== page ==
To analyze the motility of cells depleted of Shoc2 in more detail, we first monitored the ability of the cell monolayer to migrate into and across a nude area over time using time-lapse live-cell microscopy (Fig. 1A, B). The rate of gap closure was assessed over a 48h period. We found that control cells expressing Shoc2 (NT) as well as cells stably depleted of Shoc2 and then rescued with Shoc2-tRFP (Cos-SR) readily migrated into the wounded area and closed the wound after 36h (48h for T47D). In contrast, the lag in migration of the Shoc2-depleted Cos1 cells was clear even after 36h of continued culture observation (Fig. 1A–C). To extend the wound-closure analysis and to evaluate additional aspects of motility including chemotaxis, modified Boyden chamber migration assays were performed. Chemotaxis was evaluated in response to EGF. Consistent with the results of wound-healing analysis (Fig. 1A–C), the Shoc2-depleted cells migrated less efficiently than control cells (Fig. 1D, E). Together these data indicate that Shoc2 depletion inhibits cell motility.
We next investigated the effect of Shoc2 ablation on the ability of cells to adhere to extracellular matrixes (i.e. collagen I, laminin, and fibronectin). We found that silencing of Shoc2 led to decreased cell attachment to collagen type I when seeded for 10 min (Fig. 1F–I). Once Shoc2-depleted cells were incubated on collagen I for longer times (30 min), the levels of cell attachment were comparable to those observed for the control cells (Suppl. Fig. 2A). Attachment rates of Cos1 and T47D cells in which Shoc2 was reconstituted with Shoc2-tRFP (SR) were similar to control cells (NT) (Fig. 1F–I). We have not detected changes in the attachment of Shoc2-depleted cells to fibronectin or laminin (Suppl. Fig. 2B–D). Growth assays to measure the proliferation of cells depleted of Shoc2 suggest that the reduced adhesion was not caused by cytotoxicity (Suppl. Fig. 1C, D). The compromised ability of Shoc2-depleted cells to adhere to collagen suggests that Shoc2 controls a pool of ERK1/2 signals that regulates cell attachment.
To test this notion, we examined whether depletion of another well-studied ERK1/2 scaffold, KSR1, affected cell attachment. Two different shRNA duplexes (#1 and #2) were utilized to generate cells constitutively depleted of KSR1. In these cells mRNA levels of KSR1 were reduced to about 20% of its endogenous expression (Cos-NT) (Fig. 2A). mRNA levels of Shoc2 were not affected (Fig. 2B). In order to prevent clonal variations due to different sites of viral genome incorporation, a pool population of shRNA-expressing Cos-KSR1 cells was used in subsequent experiments. Consistent with earlier reports, silencing of KSR1 attenuated ERK1/2 phosphorylation (Fig. 2C) leading to reduction in cell growth (Fig. 2D). We did not observe changes in AKT phosphorylation (Fig. 2C). Importantly, we found that attachment of KSR1-depleted cells was comparable to the control cells (Fig. 2E–F). Together, these data indicated that alterations in the ability of Shoc2-depleted cells to adhere were not due to the general attenuation of ERK1/2 activity but rather a result of a decrease in ERK1/2 signals mediated by the Shoc2 scaffold.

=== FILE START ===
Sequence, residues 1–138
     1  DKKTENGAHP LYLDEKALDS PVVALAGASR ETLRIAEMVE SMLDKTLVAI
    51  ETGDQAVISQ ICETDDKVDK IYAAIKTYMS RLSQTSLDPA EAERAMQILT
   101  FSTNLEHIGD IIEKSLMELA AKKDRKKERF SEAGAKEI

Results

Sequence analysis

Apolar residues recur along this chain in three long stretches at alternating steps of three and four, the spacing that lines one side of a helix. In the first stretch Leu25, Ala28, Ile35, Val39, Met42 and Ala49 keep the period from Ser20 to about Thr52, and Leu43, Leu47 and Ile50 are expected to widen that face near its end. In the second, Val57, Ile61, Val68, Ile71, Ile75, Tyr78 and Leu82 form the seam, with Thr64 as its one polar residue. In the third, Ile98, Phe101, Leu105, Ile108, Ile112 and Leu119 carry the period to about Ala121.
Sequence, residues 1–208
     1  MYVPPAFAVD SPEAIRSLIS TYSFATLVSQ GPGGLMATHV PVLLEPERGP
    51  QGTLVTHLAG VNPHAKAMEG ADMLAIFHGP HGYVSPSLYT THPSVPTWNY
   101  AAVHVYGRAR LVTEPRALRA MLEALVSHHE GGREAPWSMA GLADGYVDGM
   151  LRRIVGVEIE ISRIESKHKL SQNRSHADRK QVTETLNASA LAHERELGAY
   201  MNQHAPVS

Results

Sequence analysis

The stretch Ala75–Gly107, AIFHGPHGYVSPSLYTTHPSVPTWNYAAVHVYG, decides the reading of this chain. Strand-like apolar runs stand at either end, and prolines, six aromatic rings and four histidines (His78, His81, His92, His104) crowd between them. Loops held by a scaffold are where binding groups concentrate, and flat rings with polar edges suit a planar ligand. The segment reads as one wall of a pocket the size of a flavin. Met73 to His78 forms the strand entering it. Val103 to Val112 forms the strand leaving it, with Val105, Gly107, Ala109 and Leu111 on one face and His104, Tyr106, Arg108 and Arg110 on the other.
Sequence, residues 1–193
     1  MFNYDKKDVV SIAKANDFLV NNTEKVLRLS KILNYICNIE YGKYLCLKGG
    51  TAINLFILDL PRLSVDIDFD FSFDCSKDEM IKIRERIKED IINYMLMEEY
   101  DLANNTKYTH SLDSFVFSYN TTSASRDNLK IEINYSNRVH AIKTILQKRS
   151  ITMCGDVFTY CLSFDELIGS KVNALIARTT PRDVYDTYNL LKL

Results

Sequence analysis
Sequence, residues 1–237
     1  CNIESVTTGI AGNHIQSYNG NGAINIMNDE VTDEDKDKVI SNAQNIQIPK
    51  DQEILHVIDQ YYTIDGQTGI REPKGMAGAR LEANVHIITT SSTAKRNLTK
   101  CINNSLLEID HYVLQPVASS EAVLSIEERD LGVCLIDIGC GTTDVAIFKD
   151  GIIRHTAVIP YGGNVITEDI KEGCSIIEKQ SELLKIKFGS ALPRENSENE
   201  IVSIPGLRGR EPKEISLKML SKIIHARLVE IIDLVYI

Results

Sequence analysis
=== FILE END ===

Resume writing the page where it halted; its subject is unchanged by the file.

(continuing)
Considerable effort devoted to characterization of genes of the immediate transcriptional response to EGF signaling identified a high redundancy of this response [43, 44]. Conversely, several other studies reported that the expression of numerous genes involved in regulation of cell motility, adhesion, and organization of actin cytoskeleton is induced during the late EGFmediated ERK1/2 transcriptional response [28, 31, 45]. Hence, to gain insight into the mechanisms responsible for the reduced motility and attachment of Shoc2-depleted cells, in the following studies we focused on the expression of the genes of the late (secondary) response.
To obtain a comprehensive understanding of the Shoc2-mediated ERK1/2 transcriptional response, we utilized comparative whole-genome profiling of cells depleted of Shoc2. RNA deep sequencing (RNA-seq) of Cos1 (NT vs. LV1) cells was performed. Cos1 cells were chosen as they presented the most dramatic changes in cell motility and attachment when Shoc2 was silenced (Fig. 1). mRNA isolated from the cells stimulated with EGF for 90 min were submitted for RNA-seq without RNA amplification to avoid any potential variances in transcripts. A flow chart of the experiment and RNA-seq analysis is shown in Suppl. Fig. 3A. As shown in Suppl. Fig. 3B, EGF induced a robust phospho-ERK1/2 response at 7 min of 0.2 ng/ml physiological response with only minimal phospho-ERK1/2 response in cells depleted of Shoc2. A summary of the RNA-seq data obtained in these experiments is shown in Suppl. Fig. 3C, D.
RNA-seq reads from Cos1 cells (African green monkey kidney) were aligned to the vervet reference genome (Chlorocebus sabaeus) ChiSab1.0 (GCA 000409795.1) (http://pre.ensembl.org/Chlorocebus_sabaeus/Info/Index) using TopHat (version 2.0.4) with the Ensembl pre-release gene annotation file. Interestingly, only 60% of the reads from each sample aligned to a transcript (Suppl. Fig. 3E), indicating that the genome transcript annotations are likely incomplete. Aligned RNA-seq reads were assembled and merged using TopHat/Cufflinks software package . The number of mapped reads ranged from 32.3 million to 39.9 million per sample and resulted in 27,265 transcript identifiers from 23,709 unique gene regions. Taken together, this indicates both a depth and breadth of sequencing coverage allowing for comprehensive analysis of differentially regulated genes.